New school choice program hands out $210K in scholarships
Posted November 22
PIERRE, S.D. — A South Dakota organization helping students attend private schools under a state-backed tax credit program has given out 280 scholarships totaling nearly $210,000, a program organizer said Tuesday.
Since the school choice program's start in July, two companies have donated a total of $250,000 for the scholarships, supporter Sen. Phyllis Heineman told members of a legislative oversight committee.
Under the law, insurance companies can get an 80 percent tax credit for total contributions to a grant organization that provides the scholarships. The total amount of credits is capped at $2 million each budget year.
Organizers are talking to a lot of insurance companies, said Heineman, a retiring Republican lawmaker from Sioux Falls who sponsored the bill during the 2016 legislative session to create the program.
"I mean, $2 million would be our goal," Heineman said of fundraising through December. "We're thrilled with where we're at just because it's such a brand new program and a new concept."
The tax credits target businesses that pay an insurance company tax in South Dakota because it is a stable source of revenue that shows consistent growth.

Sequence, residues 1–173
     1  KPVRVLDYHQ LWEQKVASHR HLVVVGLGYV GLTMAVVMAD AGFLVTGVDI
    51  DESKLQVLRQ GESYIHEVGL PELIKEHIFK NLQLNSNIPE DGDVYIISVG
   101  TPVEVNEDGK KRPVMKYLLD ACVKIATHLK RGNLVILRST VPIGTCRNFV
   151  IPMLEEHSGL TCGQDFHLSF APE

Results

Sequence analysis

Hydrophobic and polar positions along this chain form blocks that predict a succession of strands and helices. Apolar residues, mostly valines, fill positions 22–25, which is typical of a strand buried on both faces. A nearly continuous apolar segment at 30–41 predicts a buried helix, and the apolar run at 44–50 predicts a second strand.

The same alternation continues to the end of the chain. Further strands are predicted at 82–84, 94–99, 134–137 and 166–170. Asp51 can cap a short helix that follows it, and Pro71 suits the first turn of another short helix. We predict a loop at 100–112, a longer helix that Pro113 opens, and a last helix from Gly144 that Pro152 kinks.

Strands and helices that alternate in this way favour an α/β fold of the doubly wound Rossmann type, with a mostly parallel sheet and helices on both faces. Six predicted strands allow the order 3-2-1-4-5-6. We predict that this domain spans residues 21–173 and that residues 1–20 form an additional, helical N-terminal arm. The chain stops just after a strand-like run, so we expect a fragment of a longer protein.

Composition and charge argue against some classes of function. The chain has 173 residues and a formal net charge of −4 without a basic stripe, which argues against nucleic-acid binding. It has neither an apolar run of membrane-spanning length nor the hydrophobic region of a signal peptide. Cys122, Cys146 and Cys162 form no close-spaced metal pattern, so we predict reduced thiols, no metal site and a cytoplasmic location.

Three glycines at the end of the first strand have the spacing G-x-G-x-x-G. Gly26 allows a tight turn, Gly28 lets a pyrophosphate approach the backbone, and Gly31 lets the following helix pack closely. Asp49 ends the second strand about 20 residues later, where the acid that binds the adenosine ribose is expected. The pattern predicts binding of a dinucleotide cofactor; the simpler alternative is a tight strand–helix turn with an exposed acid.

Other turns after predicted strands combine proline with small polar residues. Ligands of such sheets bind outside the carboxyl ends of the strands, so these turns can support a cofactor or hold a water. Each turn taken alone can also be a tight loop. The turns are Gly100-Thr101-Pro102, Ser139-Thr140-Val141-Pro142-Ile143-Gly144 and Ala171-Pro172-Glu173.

Supporters say the law gives parents the opportunity to make a choice about where they want their children to go to school.
Critics argue the state has an obligation to provide public education and that the measure could unconstitutionally direct public funds to religious schools. They worry it could lay the groundwork for a larger program that would siphon a significant number of students and support from public schools in the future.
Rob Monson, executive director of the School Administrators of South Dakota, said the main concern is transparency in the program. Under the law, the identities of companies that provide contributions are confidential unless the businesses say otherwise.
"I think that we would certainly like to see it cleared up in the actual law that the transparency is there," Monson said.
The $250,000 in contributions so far went to Great Plains Education Foundation Inc., an Aberdeen organization registered to provide the private-school scholarships to K-12 students.
Students under the South Dakota program are eligible for the scholarships if their families the year before made up to 150 percent of the income standard used to qualify for free or reduced-price lunch, among other conditions.
So far, the scholarships have gone to children attending 38 different schools, Heineman said. The average scholarship amount is about $750.
Des Moines, Iowa-based insurance holding company Sammons Financial Group Inc. provided a $150,000 donation. Sioux Falls-based Avera Health Plans has contributed $100,000, Heineman said.
Heineman said another company has committed funds, but the money hasn't been received yet.